ELAINE QUEHL, Quilt Artist, Teacher, Dyer, Designer

Monday, August 31, 2015

The Art of Mary Pratt

Yesterday we spent the afternoon at the National Gallery of Canada, viewing the Alex Colville, Chagall, and Mary Pratt exhibits. Until a few months ago, I had never heard of Mary Pratt, a Canadian artist living in Newfoundland. I learned of her when the Ottawa Citizen published an article this past April, called "The Erotic Jellies of Mary Pratt". Oh, the transparency, the light and shadow, the colour red, the joy of "Red Current Jelly", below. Pratt is the only living female artist ever to have a show of her work at the National Gallery while still alive (she is now 80). 

Red Current Jelly, 1972

I was especially taken by her comments about how photography informed her work and how it elevated her painting ability. I am quoting here from the Citizen article by Peter Simpson:
This Little Painting,” as it is referred to by Pratt and in the exhibition title, is 45 by 45 centimetres (18 inches or so), but it was made just as she began to use photography as a reference for her painting. That moment was the big bang in her development as a painter." 

The article goes on to say that, "She took a photograph, and discovered that “photography is a great teacher.” Though she downplays her photographic skills — “I don’t know what an F-stop is” — she recognized how “photography stills everything, so you can look at things, and see how they work.” She describes how a photograph showed her how on the oval lip of a jelly jar, “every quarter inch, the colour changes. The colour is transient and beautiful, and just breath-taking.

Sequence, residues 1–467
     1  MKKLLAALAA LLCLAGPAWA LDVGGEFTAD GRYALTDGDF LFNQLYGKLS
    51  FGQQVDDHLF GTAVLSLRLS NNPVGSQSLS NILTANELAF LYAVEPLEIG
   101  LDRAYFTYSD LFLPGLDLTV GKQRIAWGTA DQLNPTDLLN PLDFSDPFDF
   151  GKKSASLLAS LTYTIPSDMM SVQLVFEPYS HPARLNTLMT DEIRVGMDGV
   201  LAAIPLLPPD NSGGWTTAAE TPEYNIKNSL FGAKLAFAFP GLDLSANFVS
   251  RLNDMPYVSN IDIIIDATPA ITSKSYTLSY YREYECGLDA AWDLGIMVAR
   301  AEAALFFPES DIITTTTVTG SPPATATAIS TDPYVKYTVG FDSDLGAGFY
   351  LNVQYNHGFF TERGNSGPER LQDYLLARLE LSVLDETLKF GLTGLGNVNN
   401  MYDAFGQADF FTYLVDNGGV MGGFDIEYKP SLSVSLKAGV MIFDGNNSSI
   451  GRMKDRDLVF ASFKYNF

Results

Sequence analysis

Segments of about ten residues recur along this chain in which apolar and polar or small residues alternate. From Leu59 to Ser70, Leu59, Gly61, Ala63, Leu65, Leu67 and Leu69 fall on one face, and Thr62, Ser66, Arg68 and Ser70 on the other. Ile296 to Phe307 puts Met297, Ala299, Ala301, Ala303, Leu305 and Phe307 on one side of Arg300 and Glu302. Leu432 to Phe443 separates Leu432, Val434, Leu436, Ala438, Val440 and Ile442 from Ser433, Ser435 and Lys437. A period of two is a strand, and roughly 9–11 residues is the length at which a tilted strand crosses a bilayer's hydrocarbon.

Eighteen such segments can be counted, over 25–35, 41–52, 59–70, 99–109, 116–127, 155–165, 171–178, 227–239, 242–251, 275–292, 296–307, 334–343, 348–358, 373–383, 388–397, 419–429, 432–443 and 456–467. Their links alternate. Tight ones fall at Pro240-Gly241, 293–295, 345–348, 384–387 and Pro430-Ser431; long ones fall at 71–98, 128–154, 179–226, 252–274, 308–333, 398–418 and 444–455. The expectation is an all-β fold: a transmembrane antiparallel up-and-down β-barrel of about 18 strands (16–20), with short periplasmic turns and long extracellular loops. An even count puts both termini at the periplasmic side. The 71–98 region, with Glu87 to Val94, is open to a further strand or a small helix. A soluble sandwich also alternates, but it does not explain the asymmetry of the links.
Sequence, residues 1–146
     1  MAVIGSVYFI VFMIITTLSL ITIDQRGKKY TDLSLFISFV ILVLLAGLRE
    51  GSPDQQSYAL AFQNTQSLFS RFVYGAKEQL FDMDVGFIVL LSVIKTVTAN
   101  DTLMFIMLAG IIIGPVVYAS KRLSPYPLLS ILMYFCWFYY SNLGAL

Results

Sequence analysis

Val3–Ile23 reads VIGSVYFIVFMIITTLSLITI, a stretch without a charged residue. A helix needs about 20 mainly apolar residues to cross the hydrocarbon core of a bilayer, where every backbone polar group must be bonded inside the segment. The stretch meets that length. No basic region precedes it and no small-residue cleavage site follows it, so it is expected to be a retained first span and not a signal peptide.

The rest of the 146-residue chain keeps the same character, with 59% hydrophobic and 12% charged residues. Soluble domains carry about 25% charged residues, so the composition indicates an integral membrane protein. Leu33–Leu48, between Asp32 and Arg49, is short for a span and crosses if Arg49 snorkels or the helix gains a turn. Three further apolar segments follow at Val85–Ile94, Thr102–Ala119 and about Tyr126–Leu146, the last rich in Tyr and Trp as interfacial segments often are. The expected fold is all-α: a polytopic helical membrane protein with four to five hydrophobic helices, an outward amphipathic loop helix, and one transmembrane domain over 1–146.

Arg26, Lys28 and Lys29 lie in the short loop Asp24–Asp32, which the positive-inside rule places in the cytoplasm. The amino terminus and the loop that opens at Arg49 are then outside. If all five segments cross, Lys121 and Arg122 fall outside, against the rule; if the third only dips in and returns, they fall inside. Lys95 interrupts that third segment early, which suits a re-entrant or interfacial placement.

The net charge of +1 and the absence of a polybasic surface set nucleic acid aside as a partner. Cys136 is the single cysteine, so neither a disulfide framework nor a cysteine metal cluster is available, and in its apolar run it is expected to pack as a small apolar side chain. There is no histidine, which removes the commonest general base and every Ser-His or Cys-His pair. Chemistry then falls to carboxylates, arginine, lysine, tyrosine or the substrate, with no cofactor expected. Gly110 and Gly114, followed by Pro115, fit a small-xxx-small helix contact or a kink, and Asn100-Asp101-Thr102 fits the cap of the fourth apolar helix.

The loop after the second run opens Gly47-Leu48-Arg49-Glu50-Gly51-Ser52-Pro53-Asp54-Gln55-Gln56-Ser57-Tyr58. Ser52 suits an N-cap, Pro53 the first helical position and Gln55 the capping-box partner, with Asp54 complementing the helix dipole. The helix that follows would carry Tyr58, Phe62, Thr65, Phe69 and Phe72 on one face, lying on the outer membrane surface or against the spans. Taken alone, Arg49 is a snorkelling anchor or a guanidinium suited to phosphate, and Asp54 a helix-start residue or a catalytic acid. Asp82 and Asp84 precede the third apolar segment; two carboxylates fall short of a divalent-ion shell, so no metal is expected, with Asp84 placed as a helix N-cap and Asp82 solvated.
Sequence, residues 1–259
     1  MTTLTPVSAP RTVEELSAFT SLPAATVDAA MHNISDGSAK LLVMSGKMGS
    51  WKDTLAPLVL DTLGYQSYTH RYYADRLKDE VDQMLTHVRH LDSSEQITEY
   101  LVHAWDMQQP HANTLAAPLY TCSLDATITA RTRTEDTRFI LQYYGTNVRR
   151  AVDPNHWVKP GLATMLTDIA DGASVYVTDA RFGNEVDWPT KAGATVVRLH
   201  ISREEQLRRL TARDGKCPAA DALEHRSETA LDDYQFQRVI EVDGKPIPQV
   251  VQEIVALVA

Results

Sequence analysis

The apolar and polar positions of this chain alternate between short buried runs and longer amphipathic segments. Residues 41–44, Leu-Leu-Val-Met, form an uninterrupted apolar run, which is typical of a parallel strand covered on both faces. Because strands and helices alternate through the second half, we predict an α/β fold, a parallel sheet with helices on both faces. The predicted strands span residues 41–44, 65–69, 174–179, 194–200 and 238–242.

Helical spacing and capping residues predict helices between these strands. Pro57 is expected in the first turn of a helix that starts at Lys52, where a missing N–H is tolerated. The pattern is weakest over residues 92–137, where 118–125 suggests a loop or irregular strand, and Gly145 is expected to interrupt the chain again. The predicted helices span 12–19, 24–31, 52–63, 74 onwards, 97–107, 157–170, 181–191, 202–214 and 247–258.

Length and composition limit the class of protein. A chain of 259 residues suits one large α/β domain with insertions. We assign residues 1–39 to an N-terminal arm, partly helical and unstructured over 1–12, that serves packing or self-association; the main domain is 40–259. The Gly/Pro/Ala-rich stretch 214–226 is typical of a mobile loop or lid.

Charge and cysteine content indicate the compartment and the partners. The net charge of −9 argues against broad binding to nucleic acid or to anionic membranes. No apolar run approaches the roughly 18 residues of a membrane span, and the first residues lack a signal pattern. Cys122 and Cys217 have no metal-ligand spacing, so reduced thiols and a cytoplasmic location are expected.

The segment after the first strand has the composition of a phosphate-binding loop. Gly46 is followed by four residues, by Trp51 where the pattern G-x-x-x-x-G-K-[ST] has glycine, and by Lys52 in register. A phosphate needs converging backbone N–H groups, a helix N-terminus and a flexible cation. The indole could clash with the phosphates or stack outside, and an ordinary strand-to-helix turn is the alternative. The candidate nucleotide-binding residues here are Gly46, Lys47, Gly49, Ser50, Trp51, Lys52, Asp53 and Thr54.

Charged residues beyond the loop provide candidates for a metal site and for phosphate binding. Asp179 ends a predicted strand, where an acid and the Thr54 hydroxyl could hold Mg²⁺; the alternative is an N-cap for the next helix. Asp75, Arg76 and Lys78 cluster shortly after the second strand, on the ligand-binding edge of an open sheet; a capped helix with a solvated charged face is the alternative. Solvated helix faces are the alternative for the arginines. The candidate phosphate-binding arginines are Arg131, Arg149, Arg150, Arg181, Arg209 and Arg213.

The discussion about photography as inspiration for artworks happens with regularity in some of the on-line art quilt groups I belong to. There is a significant contingent in those groups that looks down at the use of photography, and realistic art along with it.

Seeing the exhibits of Colville and Pratt brings me joy because of their success as artists using realism. While I am not overly fond of Colville's statue-like figures, I was moved by his story of success, which at the same time often brought harsh criticism. I think what the careers of Colville and Pratt highlight, for me, is that there will always be praise and criticism at the same time and we just have to keep trucking, making the art we need to and want to make.

Mary Pratt's work seems, to me, a celebration of the joy in the everyday. It captures ordinary moments in an ordinary life and elevates them to the extraordinary.
Jelly Shelf, 1999.

Smears of Jam, Lights of Jelly, 2007

All Things Lavender

My house smells like lavender! That would likely be because of the number of lavender products that found their way back from Provence, including essential oils, soaps, lotions and sachets. Unfortunately by mid August most lavender had either been harvested or was drying out in fields, so you won't find a bright purple colour in these photos.

This is Senanque Abbey. You can visit the website to see what the Abbey looks like when lavender is in full bloom: 

Driving along the lavender route.

Lavender bouquets and products for sale everywhere!

Saturday, August 29, 2015

All Things Vincent

One of the biggest highlights of Provence was the visit to St. Remy de Provence for a visit to St. Paul de Mausole, the hospital where Vincent Van Gogh lived for the last year of his life. While being treated for mental illness he painted more than 150 paintings in the gardens of the hospital and around the town, sometimes accompanied by a nurse (a very humane hospital for the time!). The hospital is now a museum dedicated to Van Gogh, where you can visit his former room and walk the very peaceful gardens where he painted. The drive there under the canopies of plane trees is exquisite.